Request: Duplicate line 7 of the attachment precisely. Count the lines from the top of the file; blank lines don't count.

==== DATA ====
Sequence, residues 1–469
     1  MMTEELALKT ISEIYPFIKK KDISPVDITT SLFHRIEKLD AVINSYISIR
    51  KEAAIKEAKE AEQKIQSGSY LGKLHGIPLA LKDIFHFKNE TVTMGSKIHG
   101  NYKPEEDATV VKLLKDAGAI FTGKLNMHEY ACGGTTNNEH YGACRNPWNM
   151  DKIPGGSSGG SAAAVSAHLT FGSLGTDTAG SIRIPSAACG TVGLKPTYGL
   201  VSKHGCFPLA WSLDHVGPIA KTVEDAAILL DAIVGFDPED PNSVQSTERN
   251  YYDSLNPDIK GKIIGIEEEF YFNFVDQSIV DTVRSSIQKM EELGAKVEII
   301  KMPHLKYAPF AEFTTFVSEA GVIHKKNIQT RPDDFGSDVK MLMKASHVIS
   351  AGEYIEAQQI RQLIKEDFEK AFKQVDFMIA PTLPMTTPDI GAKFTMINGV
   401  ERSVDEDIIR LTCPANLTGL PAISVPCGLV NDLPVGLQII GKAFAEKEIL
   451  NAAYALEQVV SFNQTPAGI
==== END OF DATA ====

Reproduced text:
   251  YYDSLNPDIK GKIIGIEEEF YFNFVDQSIV DTVRSSIQKM EELGAKVEII